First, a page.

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Economic loss doctrine precludes negligent misrepresentation claim against design engineer.

April 1, 2012
Kuhn Construction Company v. Ocean and Costal Consultants, Inc. & Robert F. Waite, P.E., P.C., D. Del., C.A. No. 09-622-SLR, Mem. Op., February 14, 2012

In this construction defect case, the court dismissed claims of negligent misrepresentation, fraud and misrepresentation, interference with existing contracts and common law conspiracy against the defendant design engineer. The plaintiff general contractor claimed the design engineer made errors in the plans and specifications resulting in the plaintiff's damages. Of note is the court's finding that the economic loss doctrine applied to bar the plaintiff's negligent misrepresentation claim. The economic loss doctrine is a judicially created doctrine that allows a party to recover in tort only if losses are accompanied by bodily harm or property damage. In other words, the doctrine prevents plaintiffs from recovering in tort for losses suffered that are solely economic in nature. Here, the losses were solely economic, and the doctrine applied on its face to bar recovery in tort. Delaware recognizes a narrow exception to this doctrine where a plaintiff can show that (1) the defendant supplied information to the plaintiff for use in business transactions with third parties, and (2) the defendant is in the business of supplying information. The court found that the design engineer, like architects and engineers generally, was not in the business of supplying information because the information it provided was ancillary to the finished product -- in this case a wharf. Thus, the exception did not apply, and the plaintiff was barred from bringing tort claims. The plaintiff had argued application of the exception based on a 1990 Delaware Superior Court decision Guardian Construction Co. v. Tetra Tech Richardson, Inc., 583 A.2d 1378 (Del. Super. 1990), which the court declined to follow. The court reasoned that Delaware courts have clarified, refined and narrowed the scope of the exception in the twenty-plus years since Guardian, and providing drawings in connection with a construction project is considered to be information incidental to the sale of a finished tangible product.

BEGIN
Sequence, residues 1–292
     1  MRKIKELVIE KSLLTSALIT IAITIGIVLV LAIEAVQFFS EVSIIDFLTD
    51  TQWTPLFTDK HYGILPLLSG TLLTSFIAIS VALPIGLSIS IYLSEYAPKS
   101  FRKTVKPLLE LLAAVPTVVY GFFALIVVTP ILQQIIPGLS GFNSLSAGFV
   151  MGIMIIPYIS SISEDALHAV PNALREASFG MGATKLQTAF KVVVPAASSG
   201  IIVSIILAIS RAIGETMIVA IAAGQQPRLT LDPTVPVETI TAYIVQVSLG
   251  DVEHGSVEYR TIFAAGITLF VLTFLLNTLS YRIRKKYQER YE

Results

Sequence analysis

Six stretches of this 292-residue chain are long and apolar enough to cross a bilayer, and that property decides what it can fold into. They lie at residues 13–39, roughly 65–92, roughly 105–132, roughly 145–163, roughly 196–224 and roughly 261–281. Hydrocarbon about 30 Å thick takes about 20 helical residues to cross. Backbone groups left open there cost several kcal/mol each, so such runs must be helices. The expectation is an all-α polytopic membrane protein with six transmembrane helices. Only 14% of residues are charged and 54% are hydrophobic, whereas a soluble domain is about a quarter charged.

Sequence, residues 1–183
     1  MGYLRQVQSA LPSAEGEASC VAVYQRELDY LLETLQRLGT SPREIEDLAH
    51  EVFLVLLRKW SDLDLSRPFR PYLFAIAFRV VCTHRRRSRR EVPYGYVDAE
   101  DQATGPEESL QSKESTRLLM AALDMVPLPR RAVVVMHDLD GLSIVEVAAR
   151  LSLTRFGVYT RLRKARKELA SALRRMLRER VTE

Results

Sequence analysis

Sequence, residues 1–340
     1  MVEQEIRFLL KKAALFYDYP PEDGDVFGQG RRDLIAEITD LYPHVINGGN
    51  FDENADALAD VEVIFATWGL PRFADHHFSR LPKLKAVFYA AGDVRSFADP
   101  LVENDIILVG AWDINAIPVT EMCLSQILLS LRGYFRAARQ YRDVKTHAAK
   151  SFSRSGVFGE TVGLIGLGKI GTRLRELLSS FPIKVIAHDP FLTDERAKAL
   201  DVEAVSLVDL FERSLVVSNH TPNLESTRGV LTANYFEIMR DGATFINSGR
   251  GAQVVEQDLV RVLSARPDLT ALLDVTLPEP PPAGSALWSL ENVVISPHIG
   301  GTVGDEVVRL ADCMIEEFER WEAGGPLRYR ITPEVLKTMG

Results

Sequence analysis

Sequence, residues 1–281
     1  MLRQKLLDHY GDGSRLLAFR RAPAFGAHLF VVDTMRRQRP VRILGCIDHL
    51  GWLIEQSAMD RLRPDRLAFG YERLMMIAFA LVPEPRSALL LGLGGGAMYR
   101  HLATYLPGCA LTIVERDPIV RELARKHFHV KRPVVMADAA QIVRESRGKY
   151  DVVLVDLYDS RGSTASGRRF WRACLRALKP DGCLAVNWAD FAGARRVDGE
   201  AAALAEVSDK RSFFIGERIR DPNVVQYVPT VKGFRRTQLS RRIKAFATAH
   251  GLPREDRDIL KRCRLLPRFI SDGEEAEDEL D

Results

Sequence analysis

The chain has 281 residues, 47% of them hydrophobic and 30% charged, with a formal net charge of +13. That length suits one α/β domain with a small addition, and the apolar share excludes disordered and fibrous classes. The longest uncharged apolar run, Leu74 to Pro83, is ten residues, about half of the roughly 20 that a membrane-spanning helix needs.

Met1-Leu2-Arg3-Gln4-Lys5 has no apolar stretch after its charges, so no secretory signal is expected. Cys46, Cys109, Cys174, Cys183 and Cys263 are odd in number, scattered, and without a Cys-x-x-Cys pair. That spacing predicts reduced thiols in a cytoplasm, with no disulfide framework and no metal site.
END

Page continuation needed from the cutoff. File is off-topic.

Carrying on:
Case Law Alert - 2nd Qtr 2012

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Art C. Aranilla
Special Counsel
(302) 552-4354
acaranilla@mdwcg.com

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